I like to write & I like music. Once, I took a class in communication criticism that focused on the works of Jane Austen & mostly feminist issues. Don’t judge, the ratio was like 10:1 & I like my women like I like my music: thought-provoking, down to earth & occasionally a little wild. Moral of the story, I wrote this paper about morality in contemporary popular music that focused mostly on hip-hop music. If that sounds at all interesting to you then check out the intro to the section on “I know” by Sean Carter below. You’ll find the rest & a link to the music video after the jump.
Jay-Z’s single, “I know,” from his 2007 album, American Gangster, isn’t your average love song. While on the outside it seems to be a song about the addictions of love, the whole song is essentially a metaphor for drug addiction. This comparison of dependencies provides plenty of fuel for criticism of the song. Throughout the piece there is a heavy emphasis on male gaze and dominance while females are continuously displayed as the weaker, dependent sex. Jay makes vast use of metaphors and inter-textual pop references to ensure his points are understood. Key symbols of power, drugs and addiction help to provide support for the real world claims made throughout.
Warning: It only gets geekier.
Before you continue, you may want a visual refresher…
Jay portrays himself as an authority figure throughout the song which establishes the idea of male dominance. This is evident right from the start where Pharrell Williams and Sean Carter maintain on the chorus that “I know what you like, everything you love … baby you love – Hov.” Jay offers no other alternative to this reality and even goes as far as to silence any theoretical attempts. The key symbols used to assert gender are addiction and drugs, males are given power over their addicted counterparts through this metaphor. One of the most prevalent examples of creating social identities is in the line “I know what you like, I am your prescription; I’m your physician, I’m your addiction.” This line clearly establishes male dominance and helps to structure the identity of females as weaker and dependent by portraying the main female subject as an addict of the male gender.
The female gender is relentlessly represented as weak and dependent, “She fiends for me nightly, she leans for me.” The reference to lean has a double-meaning here. In the more obvious (depending on your point of view) reference is to lean on someone, use them as a crutch, physically or emotionally. However, this can also be seen as a reference to the popular southern drug also known as Purple Drank, or “lean;” this is another example of the weaker feminine portrayal. Jay continues: “Now that feelin’ got you trippin’, you no wanna feel no differently; said lust has got you itchin.’” This line again represents male hegemony where the feeling that he gives her has her losing control of emotions, which is seen as a pitiful characteristic. Her uncontrollable eagerness for more of the sensation makes her somewhat of a salve to the drug that is the male gender. Jay once again continues the male role of dominance in the second verse claiming “I am so dope! … Like every color Giuseppe’s, your guilty pleasure is me.” Here, Jay directly refers to himself as the powerful addiction causing agent and likens its grips to the typically-female obsession of shopping that is prevalent in our culture today. This is further evidence of the lesser role that females are boxed into in the song along with an example of our current day ideals of domestic sphere, which include shopping as a feminine chore. Jay exemplifies this argument with the claim that “It’s so much fun, you shun therapy … Shopping’s like coppin’, you constantly need it,” once again offering an example of feminine weakness, this time for shunning therapy and not being able to help herself.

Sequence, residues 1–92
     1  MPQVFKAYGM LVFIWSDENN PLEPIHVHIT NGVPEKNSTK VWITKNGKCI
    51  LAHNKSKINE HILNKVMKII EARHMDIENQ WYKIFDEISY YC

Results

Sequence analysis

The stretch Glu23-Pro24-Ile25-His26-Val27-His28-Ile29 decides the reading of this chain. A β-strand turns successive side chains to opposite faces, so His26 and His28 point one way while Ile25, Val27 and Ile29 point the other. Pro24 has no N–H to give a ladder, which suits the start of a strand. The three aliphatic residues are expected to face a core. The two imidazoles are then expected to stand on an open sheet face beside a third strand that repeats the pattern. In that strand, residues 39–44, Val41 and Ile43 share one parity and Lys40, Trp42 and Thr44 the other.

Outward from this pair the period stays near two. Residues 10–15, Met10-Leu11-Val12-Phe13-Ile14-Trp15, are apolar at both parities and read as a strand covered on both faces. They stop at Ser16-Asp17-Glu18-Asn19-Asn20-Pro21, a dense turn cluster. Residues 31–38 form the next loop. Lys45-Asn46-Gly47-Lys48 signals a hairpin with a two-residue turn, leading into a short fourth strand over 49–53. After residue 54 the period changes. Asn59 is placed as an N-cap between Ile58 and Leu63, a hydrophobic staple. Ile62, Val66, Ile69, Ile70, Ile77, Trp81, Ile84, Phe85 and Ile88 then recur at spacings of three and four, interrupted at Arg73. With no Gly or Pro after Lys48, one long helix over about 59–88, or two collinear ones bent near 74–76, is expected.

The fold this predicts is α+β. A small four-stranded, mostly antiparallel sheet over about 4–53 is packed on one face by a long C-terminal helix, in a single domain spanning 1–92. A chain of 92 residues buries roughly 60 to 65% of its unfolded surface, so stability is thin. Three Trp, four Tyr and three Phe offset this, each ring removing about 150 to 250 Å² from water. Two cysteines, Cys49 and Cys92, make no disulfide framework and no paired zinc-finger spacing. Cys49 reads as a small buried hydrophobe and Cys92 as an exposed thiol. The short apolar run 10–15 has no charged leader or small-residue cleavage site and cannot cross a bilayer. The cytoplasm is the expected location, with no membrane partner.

Even when thoughts of better options reveal themselves, Jay, like withdrawals, reminds the female addict that she needs him:
I keep tryin’ to remind you, to keep tellin’ yourself; now your conscience is interfering like “Better yourself!” Like you better get help, but when that medicine is felt? We’re back together, don’t ever leave me. Don’t ever let ’em tell you that you’ll never need me!
This section provides strong evidence of the male hegemony that still exists in our culture today, essentially claiming that the females need a male counterpart to not only be happy, but also to simply even function. This segment also demonstrates clear evidence of silencing women’s voices which decreases the importance of the weak role already constructed for women in the rhetoric act. Jay-Z continues to demean women, calling her his “China White” which refers to the purest form of heroin, objectifying the female gender to a prized possession which can only be useful for emotions of pain-numbing ecstasy.
Aesthetically, Jay-Z is a master story-teller in his own realm. His use of metaphors is almost unparalleled today in hip-hop along with his uncanny ability to relate near any subject to his targeted audience and beyond. Throughout the song Jay makes references from hip-hop and drug culture to the material world of shopping and popular culture that allows close to any modern audience to relate to even the toughest subjects such as that of love, abuse and addiction. Another dynamic that leads to the overall experience is Jay’s choice of background for his story. Pharrell Williams crafted the perfect, laid back, instrumental for Jay to smoothly layout his sinister scenario of love and addiction in a way that only the self proclaimed King of New York could. And just as the song tells a tale of two sides, so does the music video which offers two separate accounts displaying both scenarios in cinematic form. The combination of symbols from both the video and song offer an experience that evokes strong emotional responses that any audience can truly feel.